Figuring out the exact prevalence of sexual assault or domestic abuse is tough to do, but the rates reported in a new poll of Utah women seem low, according to experts.

According to the survey, 21% of women said they had been physically abused by an intimate partner, or former intimate partner, in their lifetime. And 26.5% said they had been sexually assaulted at some point in their life.

(Christopher Cherrington | The Salt Lake Tribune)
(Christopher Cherrington | The Salt Lake Tribune)

But the domestic violence rate in the Beehive State is probably closer to one in three women, according to Jenn Oxborrow, executive director of the Utah Domestic Violence Coalition. And in surveys, about one in eight Utah women have reported being raped, while 28.9% reported some type of sexual assault in their lifetimes, said Susan Chasson, a sexual assault nurse examiner with the Utah Coalition Against Sexual Assault.

In early November, The Salt Lake Tribune and Suffolk University surveyed 400 women, age 18 and older, over cellphones and landlines across Utah through a grant from the Facebook Journalism Project and the Lenfest Institute for Journalism. The poll had a margin of error of plus or minus 5 percentage points.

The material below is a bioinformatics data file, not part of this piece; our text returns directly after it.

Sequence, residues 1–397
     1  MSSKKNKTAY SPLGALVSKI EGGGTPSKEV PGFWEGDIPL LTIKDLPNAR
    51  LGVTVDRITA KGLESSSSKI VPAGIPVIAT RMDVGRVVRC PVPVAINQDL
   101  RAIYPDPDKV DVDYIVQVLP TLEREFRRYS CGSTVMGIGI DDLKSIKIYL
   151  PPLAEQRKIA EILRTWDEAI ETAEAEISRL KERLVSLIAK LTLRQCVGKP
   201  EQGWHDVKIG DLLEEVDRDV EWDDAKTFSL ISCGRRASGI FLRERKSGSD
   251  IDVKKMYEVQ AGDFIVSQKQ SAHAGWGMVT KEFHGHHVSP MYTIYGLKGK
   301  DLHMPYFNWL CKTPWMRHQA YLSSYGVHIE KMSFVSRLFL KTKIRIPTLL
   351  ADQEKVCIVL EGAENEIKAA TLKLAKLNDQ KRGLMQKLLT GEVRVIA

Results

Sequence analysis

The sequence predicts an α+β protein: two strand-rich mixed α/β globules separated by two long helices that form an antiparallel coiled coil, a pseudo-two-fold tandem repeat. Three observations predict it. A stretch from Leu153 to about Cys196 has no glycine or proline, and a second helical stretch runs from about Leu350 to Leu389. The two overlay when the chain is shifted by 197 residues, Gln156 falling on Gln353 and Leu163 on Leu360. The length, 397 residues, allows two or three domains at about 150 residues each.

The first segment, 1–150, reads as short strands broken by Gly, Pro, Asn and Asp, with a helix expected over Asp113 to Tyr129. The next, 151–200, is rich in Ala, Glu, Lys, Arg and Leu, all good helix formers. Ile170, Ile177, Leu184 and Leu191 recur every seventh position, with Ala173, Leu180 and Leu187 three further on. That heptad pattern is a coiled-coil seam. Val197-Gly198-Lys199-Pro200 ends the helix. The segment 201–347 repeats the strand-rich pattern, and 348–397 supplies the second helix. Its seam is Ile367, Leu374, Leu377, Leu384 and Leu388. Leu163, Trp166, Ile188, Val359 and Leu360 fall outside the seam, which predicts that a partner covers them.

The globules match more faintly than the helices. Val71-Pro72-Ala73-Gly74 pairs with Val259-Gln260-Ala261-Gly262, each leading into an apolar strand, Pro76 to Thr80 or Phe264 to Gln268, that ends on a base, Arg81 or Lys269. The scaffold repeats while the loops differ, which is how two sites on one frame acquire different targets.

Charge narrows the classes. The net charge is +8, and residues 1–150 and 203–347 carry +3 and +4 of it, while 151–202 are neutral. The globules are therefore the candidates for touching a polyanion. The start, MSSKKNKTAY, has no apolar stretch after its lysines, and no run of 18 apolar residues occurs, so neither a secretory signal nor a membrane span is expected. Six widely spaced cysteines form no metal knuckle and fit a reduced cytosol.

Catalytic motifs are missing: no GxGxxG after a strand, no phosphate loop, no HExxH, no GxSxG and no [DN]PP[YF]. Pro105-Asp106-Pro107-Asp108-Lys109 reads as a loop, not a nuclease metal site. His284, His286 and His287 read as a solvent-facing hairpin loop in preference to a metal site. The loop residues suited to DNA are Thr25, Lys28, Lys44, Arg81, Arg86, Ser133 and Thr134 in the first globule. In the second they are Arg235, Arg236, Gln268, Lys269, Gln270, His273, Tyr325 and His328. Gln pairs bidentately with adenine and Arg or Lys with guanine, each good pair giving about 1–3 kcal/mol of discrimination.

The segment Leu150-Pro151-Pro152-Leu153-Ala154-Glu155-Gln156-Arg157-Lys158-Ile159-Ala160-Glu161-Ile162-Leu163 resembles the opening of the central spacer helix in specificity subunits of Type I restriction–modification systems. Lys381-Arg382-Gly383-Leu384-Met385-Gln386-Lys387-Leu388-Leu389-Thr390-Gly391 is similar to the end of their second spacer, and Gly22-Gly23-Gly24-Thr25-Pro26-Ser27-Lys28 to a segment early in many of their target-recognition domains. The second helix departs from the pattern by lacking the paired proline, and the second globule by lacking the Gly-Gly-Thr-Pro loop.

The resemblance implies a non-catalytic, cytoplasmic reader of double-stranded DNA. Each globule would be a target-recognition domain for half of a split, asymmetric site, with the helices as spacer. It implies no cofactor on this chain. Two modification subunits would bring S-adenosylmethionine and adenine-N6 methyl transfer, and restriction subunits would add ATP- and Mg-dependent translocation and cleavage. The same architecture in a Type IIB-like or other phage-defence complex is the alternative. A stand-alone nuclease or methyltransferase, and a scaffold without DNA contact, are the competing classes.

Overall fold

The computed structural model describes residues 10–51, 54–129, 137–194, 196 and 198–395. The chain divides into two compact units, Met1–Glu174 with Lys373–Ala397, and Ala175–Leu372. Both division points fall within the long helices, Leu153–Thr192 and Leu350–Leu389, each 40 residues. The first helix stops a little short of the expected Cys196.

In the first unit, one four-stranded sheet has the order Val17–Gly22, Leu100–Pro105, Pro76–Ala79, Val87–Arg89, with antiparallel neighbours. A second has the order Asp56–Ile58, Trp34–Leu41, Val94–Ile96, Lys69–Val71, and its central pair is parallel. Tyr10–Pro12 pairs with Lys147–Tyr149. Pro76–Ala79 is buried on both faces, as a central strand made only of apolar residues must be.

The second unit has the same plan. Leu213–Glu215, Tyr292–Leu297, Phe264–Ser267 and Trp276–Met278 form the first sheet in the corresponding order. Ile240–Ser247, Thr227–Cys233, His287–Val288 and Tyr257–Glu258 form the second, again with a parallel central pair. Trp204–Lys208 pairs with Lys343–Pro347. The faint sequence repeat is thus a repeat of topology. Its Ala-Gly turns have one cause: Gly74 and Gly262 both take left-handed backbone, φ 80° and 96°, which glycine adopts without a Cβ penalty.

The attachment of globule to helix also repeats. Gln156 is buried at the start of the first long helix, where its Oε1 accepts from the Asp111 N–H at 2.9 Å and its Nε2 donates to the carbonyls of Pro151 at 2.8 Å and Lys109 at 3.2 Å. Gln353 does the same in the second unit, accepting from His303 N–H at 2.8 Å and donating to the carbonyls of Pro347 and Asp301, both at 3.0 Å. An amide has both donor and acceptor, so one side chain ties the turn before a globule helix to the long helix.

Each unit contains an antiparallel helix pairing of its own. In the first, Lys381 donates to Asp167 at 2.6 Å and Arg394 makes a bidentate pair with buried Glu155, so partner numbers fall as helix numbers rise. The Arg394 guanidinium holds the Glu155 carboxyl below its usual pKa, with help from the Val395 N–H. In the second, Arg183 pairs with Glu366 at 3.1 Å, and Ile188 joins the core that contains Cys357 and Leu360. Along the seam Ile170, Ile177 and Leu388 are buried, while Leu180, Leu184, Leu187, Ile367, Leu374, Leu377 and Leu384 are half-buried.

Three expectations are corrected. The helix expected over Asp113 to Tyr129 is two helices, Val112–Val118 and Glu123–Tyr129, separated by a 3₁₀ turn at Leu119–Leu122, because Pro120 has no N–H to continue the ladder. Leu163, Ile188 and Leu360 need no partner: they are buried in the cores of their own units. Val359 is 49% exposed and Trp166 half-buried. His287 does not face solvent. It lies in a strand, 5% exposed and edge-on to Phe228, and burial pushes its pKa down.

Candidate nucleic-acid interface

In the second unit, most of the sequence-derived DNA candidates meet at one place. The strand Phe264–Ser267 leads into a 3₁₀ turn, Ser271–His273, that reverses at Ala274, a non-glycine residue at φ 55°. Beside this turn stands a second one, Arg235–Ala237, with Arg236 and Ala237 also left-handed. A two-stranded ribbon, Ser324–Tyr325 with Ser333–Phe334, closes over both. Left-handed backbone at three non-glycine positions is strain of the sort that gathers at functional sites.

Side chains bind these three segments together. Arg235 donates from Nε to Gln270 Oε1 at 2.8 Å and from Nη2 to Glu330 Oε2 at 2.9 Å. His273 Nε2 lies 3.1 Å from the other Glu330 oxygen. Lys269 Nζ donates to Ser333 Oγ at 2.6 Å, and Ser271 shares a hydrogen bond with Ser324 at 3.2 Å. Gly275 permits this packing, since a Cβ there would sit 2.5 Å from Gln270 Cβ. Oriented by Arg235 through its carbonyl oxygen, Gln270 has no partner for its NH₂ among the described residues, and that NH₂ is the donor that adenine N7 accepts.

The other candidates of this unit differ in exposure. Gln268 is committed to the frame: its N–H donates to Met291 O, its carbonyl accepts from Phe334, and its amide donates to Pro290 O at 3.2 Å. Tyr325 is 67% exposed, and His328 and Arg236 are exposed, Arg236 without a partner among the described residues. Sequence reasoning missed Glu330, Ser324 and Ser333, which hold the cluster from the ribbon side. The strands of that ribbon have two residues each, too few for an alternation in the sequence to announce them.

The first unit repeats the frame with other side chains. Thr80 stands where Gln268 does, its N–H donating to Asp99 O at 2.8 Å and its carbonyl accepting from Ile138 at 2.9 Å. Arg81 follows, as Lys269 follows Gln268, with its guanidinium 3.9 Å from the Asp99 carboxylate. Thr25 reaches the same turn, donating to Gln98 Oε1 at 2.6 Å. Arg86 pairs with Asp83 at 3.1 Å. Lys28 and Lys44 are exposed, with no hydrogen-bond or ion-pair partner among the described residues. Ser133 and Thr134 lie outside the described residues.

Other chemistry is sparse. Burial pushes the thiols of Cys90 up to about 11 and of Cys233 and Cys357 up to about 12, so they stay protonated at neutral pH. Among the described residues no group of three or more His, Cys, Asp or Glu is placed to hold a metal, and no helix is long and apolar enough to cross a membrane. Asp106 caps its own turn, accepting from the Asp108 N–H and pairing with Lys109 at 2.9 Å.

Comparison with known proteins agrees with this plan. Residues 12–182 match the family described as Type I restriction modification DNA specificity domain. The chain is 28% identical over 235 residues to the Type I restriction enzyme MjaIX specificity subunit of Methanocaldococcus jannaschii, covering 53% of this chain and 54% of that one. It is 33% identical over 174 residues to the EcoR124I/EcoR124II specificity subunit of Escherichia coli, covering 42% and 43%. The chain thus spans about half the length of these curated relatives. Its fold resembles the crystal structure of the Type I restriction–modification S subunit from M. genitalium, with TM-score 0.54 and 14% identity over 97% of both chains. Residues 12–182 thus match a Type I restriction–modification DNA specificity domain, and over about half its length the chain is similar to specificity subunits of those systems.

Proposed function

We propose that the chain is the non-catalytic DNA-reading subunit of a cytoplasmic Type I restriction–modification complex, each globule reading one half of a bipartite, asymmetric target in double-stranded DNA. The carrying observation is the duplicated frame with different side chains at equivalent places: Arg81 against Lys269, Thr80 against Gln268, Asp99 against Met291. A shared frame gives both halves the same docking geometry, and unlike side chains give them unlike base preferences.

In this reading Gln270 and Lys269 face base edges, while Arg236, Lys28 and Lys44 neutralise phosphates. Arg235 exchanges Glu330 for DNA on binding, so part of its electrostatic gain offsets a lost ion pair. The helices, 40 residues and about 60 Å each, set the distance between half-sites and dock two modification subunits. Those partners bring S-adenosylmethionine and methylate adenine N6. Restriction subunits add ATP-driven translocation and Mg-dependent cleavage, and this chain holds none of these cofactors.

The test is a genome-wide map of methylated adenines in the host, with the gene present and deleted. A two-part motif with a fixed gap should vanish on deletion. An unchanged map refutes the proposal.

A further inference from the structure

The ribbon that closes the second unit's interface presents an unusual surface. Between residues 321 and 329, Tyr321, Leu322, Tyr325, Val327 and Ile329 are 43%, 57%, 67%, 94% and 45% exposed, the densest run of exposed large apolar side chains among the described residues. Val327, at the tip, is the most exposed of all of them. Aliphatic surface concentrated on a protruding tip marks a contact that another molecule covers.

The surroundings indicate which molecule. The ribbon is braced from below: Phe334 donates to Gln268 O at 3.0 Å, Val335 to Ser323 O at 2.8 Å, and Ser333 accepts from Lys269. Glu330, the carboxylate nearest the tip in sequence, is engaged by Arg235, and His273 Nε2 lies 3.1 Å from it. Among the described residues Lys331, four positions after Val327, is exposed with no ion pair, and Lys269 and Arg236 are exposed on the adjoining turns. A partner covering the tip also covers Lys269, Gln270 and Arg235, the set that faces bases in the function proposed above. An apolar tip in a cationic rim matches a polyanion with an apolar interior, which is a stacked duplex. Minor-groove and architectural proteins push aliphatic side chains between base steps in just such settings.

(Christopher Cherrington | The Salt Lake Tribune)
(Christopher Cherrington | The Salt Lake Tribune)

A definition of sexual assault was not provided to women answering the survey, which could have affected the results, Chasson said. Numbers can vary between studies on this topic, depending on what is included in that definition, such as rape, attempted rape and groping, among other acts.

Chasson said she prefers the definition from the National Sexual Violence Resource Center, which states, “Sexual violence is any type of unwanted sexual contact. This includes words and actions of a sexual nature against a person’s will and without their consent. A person may use force, threats, manipulation, or coercion to commit sexual violence.”